JCPenney at Sunvalley Mall is closing

Former department store giant JCPenney will close its location within the Sunvalley Mall in Concord.

The chain announced Tuesday that it would close another 13 stores. JCPenney filed for bankruptcy last month and is slowly moving toward its goal of closing 250 stores, about 30% of its network of 846 locations.

It is unclear how long the store will remain open inside the Sunvalley Mall, but company spokeswoman Kristen Bennett said the store’s closing sales were expected to start around July 3. The decision is pending judicial approval.

Mall spokeswoman Maria Mainville said Tuesday that no decision has been made on the space to be filled.

JCPenney previously said it expected 200 of its closings to occur later this summer, and that the remaining 50 will close next summer.

Seven of the last 13 stores to be chosen for closure are in Michigan. Two others are in Washington, two in New York and one in Maryland.

Before Tuesday’s announcement, 136 stores had already started clearance sales. That included a JCPenney inside the West Valley Mall in Tracy.

Store closing sales are vital for bankrupt retailers to raise cash during a court-supervised reorganization. With the pandemic that kept many stores closed in late March and throughout April, some bankruptcy applications were delayed due to the inability to maintain these sales.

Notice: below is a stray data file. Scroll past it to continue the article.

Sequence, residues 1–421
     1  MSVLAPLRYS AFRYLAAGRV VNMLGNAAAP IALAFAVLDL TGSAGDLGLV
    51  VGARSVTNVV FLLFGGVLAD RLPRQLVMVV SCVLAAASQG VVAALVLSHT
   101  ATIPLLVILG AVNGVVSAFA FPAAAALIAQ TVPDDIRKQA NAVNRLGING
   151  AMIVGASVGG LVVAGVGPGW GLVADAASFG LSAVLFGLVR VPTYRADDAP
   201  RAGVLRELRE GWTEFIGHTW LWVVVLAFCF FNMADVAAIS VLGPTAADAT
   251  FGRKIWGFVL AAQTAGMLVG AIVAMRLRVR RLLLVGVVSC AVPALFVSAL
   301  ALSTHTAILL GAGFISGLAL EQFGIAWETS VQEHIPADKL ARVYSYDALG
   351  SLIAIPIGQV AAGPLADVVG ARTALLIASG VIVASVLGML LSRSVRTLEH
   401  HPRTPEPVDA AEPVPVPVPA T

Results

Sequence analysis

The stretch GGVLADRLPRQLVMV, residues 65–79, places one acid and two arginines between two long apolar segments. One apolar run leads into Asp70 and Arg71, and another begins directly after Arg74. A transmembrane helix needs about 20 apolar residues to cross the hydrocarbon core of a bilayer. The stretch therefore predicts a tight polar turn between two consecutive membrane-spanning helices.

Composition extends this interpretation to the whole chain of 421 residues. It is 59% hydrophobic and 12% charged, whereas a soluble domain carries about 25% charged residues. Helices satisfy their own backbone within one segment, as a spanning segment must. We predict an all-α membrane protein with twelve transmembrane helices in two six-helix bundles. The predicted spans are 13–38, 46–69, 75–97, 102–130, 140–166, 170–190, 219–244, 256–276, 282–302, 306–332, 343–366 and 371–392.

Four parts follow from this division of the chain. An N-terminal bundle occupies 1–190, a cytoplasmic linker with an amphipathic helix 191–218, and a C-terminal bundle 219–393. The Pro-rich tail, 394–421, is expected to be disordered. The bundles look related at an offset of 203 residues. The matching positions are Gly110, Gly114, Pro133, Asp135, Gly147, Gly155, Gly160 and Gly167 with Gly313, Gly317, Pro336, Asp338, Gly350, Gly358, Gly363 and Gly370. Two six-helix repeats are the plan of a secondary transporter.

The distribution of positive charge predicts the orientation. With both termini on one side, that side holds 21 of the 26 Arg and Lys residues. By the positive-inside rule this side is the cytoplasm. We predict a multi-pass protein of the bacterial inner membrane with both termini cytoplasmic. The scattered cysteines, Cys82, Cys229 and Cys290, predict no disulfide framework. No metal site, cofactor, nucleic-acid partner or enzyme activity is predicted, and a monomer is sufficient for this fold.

But it is unclear how successful sales will be, as many shoppers are still reluctant to venture into stores and others are cutting back on purchases as job losses have hit a record high in recent months.

JCPenney is the largest national retailer to file for bankruptcy following the pandemic, along with J. Crew and Neiman Marcus.

However, all three companies said they intend to stay in business. The bankruptcy process allows companies to get rid of debts and other liabilities that they can no longer pay.

The process can give a company a second chance at life. Some companies that filed for bankruptcy in recent decades, including General Motors and many of the country’s airlines, actually posted record profits after emerging from bankruptcy.

But not all companies filing for Chapter 11 that plan to stay in business can ultimately do so. Pier 1, which filed for bankruptcy on February 17, before stay-at-home orders that closed many stores across the country, has since said it will permanently close all of its stores and close its businesses.